who studied the ability to power an in vivo micro-electromechanical system (MEMS )
application. The research used a thin square plate driven by blood pressure to provide power and
was shown to be capable of powering the electronics if they were used intermittently. Another
form of excitation commonly used is the ambient vibration of mechanical structures. Umeda et al
(1996) quantified the amount of energy that could be produced when a steel ball impacted a
piezoelectric plate. The authors used an equivalent circuit model to predict the energy while
modifying numerous parameters in the system to find the best combination. It was determined
that a significant amount of energy was returned to the steel ball in the form of kinetic energy as

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it bounced of the plate, making the system ineffective. Sodano et al. (2004b) formulated a model
of a power harvesting system that consisted of a cantilever beam with piezoelectric patches
attached. The model was developed such that any combination of boundary conditions and
location of piezoelectric material could be accommodated, but was verified on a cantilever beam
experiencing a base excitation from the clamped condition. The model was found to accurately
estimate the energy generated and was also used to demonstrate the damping effect of power
harvesting.

With the research into power harvesting devices growing it was determined that the amount
of energy generated by piezoelectric materials was not sufficient to power most electronic
devices. Thus, for power harvesting technology to make its way into the commercial market,
methods of accumulating and storing the harvested energy until a sufficient amount can be
recovered to power the portable electronics, are the key to a successful power harvesting system
(Sodano et al. 2004c). One of the first researchers to realize the need for power storage circuitry
was Starner (1996), who speculated the use of piezoelectric materials for harvesting numerous
sources of energy around the body, including limb and finger motion. Additionally, the idea of
using a capacitor and rechargeable battery for power harvesting was discussed with some
advantages and disadvantages of each listed. This concept was taken a step farther by Umeda et
al. (1997), who followed their earlier study up with an investigation into the use of a capacitor
with piezoelectric materials. They theoretically and experimentally tested the circuit in various
configurations to determine the optimal design. Shortly after the publication of this work, a
power harvesting patent was issued to Kimura (1998) for a means of storing the rectified energy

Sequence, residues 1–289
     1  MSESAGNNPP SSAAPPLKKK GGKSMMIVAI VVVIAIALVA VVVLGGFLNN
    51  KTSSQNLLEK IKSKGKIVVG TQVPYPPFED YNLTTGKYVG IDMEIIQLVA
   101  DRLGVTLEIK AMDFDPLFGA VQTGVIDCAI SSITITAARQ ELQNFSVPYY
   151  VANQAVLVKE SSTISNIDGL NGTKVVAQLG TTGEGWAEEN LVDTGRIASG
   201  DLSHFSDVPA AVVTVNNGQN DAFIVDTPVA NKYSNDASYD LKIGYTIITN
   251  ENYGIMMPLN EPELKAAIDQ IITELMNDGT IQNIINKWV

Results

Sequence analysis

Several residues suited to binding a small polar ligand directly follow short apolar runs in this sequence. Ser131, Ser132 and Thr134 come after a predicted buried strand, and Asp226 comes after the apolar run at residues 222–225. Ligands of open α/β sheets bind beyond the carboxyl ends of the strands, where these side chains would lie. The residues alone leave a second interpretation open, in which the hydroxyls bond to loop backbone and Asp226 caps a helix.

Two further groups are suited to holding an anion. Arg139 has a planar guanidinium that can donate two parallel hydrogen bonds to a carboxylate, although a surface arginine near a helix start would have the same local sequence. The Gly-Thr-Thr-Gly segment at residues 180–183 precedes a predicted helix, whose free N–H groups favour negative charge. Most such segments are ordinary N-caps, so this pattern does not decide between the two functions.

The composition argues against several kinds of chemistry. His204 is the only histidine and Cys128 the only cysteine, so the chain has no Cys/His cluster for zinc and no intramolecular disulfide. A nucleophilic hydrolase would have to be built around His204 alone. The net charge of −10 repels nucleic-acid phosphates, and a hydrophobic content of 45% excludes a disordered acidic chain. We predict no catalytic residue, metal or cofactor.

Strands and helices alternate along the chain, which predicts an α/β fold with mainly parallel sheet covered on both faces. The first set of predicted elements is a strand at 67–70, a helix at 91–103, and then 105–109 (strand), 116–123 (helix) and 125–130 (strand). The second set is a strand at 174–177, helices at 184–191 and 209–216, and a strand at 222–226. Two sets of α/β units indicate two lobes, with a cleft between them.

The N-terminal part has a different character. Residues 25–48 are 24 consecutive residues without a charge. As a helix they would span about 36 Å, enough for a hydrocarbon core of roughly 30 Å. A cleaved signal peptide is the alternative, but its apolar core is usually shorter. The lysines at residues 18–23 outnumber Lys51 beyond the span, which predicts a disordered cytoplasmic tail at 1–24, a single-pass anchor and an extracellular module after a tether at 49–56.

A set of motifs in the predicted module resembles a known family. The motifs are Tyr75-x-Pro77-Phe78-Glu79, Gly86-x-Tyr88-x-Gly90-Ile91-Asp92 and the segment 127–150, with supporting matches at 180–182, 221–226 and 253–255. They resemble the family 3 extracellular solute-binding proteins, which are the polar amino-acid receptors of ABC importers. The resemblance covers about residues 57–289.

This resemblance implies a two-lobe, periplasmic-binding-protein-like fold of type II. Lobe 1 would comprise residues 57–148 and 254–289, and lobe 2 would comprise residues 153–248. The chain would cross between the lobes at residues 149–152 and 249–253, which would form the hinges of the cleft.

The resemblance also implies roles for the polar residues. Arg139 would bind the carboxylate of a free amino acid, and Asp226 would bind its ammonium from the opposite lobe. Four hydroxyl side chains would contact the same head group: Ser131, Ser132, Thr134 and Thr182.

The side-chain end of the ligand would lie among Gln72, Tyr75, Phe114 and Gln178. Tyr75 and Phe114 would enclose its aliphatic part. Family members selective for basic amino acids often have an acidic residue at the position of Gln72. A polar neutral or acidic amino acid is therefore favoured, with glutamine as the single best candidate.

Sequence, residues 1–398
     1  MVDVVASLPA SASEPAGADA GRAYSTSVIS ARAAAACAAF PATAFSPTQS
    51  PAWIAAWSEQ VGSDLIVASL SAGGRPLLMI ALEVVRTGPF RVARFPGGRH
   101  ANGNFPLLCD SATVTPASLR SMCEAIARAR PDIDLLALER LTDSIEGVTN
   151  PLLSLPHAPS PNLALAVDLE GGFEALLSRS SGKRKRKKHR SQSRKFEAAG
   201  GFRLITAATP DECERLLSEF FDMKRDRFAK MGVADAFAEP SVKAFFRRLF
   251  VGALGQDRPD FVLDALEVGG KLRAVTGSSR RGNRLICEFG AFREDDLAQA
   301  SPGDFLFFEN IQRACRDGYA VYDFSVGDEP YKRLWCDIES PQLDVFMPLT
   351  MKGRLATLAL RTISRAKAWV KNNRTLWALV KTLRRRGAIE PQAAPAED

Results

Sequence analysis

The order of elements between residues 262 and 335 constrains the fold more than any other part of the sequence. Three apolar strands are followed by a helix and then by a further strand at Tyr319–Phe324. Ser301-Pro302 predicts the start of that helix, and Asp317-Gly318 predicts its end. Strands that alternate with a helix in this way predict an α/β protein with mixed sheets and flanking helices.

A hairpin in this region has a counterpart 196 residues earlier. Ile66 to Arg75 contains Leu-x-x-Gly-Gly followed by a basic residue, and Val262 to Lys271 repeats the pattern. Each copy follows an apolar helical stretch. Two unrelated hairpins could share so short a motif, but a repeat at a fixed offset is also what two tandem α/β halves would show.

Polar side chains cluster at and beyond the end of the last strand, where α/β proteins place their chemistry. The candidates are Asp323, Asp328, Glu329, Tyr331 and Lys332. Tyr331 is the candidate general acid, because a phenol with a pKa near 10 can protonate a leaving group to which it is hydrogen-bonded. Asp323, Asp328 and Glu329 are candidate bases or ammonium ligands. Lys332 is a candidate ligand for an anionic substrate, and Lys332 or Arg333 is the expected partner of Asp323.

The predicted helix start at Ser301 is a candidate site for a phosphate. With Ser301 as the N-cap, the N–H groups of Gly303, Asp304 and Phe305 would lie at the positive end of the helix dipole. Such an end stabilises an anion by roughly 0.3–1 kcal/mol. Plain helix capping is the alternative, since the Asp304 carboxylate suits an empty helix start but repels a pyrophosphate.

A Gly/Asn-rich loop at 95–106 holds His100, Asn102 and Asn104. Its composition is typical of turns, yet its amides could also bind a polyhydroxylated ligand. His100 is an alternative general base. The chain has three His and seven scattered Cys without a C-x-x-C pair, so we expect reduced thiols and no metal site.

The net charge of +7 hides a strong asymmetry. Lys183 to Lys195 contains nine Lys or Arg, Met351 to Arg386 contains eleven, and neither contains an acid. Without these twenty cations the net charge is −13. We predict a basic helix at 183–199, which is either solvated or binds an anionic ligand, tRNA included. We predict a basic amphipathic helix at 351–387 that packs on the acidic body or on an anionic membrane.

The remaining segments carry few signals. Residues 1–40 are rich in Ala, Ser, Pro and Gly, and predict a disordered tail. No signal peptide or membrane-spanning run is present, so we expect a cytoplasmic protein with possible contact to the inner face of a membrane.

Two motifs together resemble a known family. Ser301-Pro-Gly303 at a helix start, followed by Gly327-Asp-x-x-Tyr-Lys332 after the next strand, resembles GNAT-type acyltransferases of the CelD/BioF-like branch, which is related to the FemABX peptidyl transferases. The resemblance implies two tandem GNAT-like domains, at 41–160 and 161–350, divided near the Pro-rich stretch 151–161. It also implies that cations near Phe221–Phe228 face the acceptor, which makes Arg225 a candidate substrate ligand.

from a piezoelectric device in a capacitor. However, a circuit containing only a single capacitor
is not sufficient to provide power to other electronic devices without additional circuitry.
Therefore, Kymissis et al. (1998) developed a piezoelectric system that would harvest the energy
lost during walking and used it to power a radio transmitter. Their circuit also used a capacitor as
the storage medium, but the additional components allowed it to charge to a desired level before
discharging. Once the capacitor had discharged to a pre-specified level, an electronic switch
would be triggered to stop the flow of energy, thus allowing the capacitor to recharge. It was
found that the two piezoelectric devices used produced sufficient energy to power a transmitter
that could send a 12-bit radio frequency identification (RFID) code every 3-6 steps. The proof
that power harvesting could supply sufficient energy to power a transmitter opened up many
doors for research into wireless sensors. In a later study, Elvin et al. (2003) developed a self-
powered damage detection unit that used PVDF for energy generation and a capacitor to store the

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energy. The circuit was capable of transmitting a signal that held information on the integrity of
the structure.

Much of the research into power harvesting has dealt with optimizing the power harvesting
configuration or developing circuitry to store the energy, however, some researchers have looked
into the ability to use circuitry for extracting more energy from the piezoelectric material. One
such study was performed by Kasyap et al. (2002), who used the concept that the energy transfer
from the piezoelectric to the load is maximized when the impedance of the two are matched, to
developed a circuit whose impedance could be modified. The authors provide a description of the
fly back converter circuit and the equations needed to set the circuit impedance to the desired
value. Ottman et al. (2002) studied the use of an adaptive step down DC-DC converter to
maximize the power output from a piezoelectric device. It was found that at very high levels of